A friend who is an artist (Katie Knutson) recently did a thoughtful and beautiful painting of my very own son. I thought for any one interested I would tell the story behind it, because, well... sometimes you just have to testify. It was a Saturday the day before Easter. Mimi and Oak and Meadow had come over to dye Easter eggs and make chocolate bird nests. Josh and I had been up almost the entire night before because of incidents with Ella but I trudged through the day wanting to be a part of the festivities with Juden. Then I went and laid him down for his nap thinking he'd fall right to sleep. A little while later I heard him whining and went to check on him. He looked like he was almost asleep but his room was stuffy and he was all sweaty. It was the hottest day we'd had yet and our window units were not installed yet. Without even thinking twice I opened his window about a foot and thought he would drift right off. I gave him a kiss and continued putting things away upstairs. A few minutes later Josh came through the back yard from a bike ride. Josh was barely in the door when we heard a loud crash. I thought Juden must have fallen out of bed and before I even had time to think Josh was down the stairs and outside. Juden had fallen from his second story window of our tall 100 year old house into the grass. I felt my heart racing but still felt like I could'nt grasp what had just happened. Juden was immediatly getting up and into Josh's arms. He definitely had the wind knocked out of him but as we looked at him we could'nt see anything wrong. He had calmed down surprisingly quickly. We think he got out of bed when he heard Josh come home and must have pushed or leaned on the screen because he busted out the entire screen and frame. I was almost numb with fear of what must be wrong or what might be unable to be seen. We headed to the emergency room. It is difficult to imagine what it feels like to have your child go through an accident of this magnitude and then add the guilt of realizing it was my fault. I felt so much pressure in my chest I felt physically sick. When we entered Juden was perfectly calm and I heard myself saying the words, "He fell about 15 -18 feet out of his window," but I could not believe the words that I was speaking. He was admitted and they put him into a tiny neck brace and they scanned every inch of his little body looking for internal injuries because of the height of the fall. Amazingly every report came back fine. They wanted to keep him over night so they could keep their eye on him. That night seemed like a dream and was my second night without sleep. For a long time I laid next to him in the hospital bed drinking in his sweet familiar scent watching his chest rise and fall. Then I had to leave in the middle of the night to nurse Ella. As I laid a contented baby down I walked into Juden's room filled with moonlight. I could do nothing else but get on my knees and pour out my heart to God. I was exhausted, overjoyed, and incredibly overwhelmed by the grace I had been shown that day. On Easter morning my sweet boy was released from the hospital without even so much as a bruise, on the very day we celebrate God sacrificing His only son. Monday morning Josh went back to work and I tried to get into my normal mommy routine. But I felt anything but normal. I was slow to lose my patience and very quick to hug.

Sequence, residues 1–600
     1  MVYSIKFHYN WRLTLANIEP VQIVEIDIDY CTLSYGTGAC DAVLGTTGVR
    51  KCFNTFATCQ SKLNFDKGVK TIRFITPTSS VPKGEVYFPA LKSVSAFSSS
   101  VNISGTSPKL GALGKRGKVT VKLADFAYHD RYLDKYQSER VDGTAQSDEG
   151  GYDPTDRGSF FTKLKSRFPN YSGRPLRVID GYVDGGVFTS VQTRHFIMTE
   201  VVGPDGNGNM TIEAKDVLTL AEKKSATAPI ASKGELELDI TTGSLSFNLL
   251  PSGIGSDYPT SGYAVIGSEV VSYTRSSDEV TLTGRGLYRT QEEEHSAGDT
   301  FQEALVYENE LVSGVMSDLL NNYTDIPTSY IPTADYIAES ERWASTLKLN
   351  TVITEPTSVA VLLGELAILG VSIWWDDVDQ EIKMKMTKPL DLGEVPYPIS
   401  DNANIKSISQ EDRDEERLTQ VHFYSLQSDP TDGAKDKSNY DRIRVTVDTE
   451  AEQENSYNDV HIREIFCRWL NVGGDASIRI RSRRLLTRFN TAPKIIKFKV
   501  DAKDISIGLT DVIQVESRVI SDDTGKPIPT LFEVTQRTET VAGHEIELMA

Just waking him up in the morning felt like such a gift. I was weepy and frazzled and incredibly paranoid; it seemed like everywhere I looked I saw a potential danger. I realized that although I was so thankful for Juden's safety I could not be at peace with the guilt of what could have been. I kept telling myself I was entrusted with this child that I failed to protect. I failed to foresee danger and perhaps even caused it. I was questioning everything about my identity as a mom, my very highest calling. I felt like the worst mother in the world. Finally I called Josh at work crying and he came home immediatly. What happened next is something I will forever hold precious in my heart as one of the little signs God sends us on our journey to remind us of his gentle love and care. As Josh watched the kids play in the yard I wandered over and stood under Juden's window. It was painful to bring myself to look up. Then something caught my eye and as I knealt down I saw a tiny sparrow lying where Juden had fallen, delicate and beautiful with no sign of the distress that had caused its demise. I started to cry and at that moment I felt like God said to me, "I saw this sparrow fall and I saw Juden fall And I held him, I didn't have to but I did." This was a very meaningful symbol to me. "His eye is on the Sparrow" was one of my father's favorite hymns and also one of mine. I whispered that phrase in my Dad's ear on more than one occasion while I watched him battle the cancer that took him from us less than two years ago. I had sung it to Juden many a night and maybe to myself as a reminder of God's absolute control and of our incredible worth to him. The hymn is based on Matthew 10:29- "Are not two sparrows sold for a farthing? and one of them shall not fall to the ground without your Father." What a powerful reminder of a God that cares for every little creation and how much more He cares for and loves us. So God spoke peace to me through a tiny bird, and every time I see one I will be reminded of the day God held my son and gave him back to me.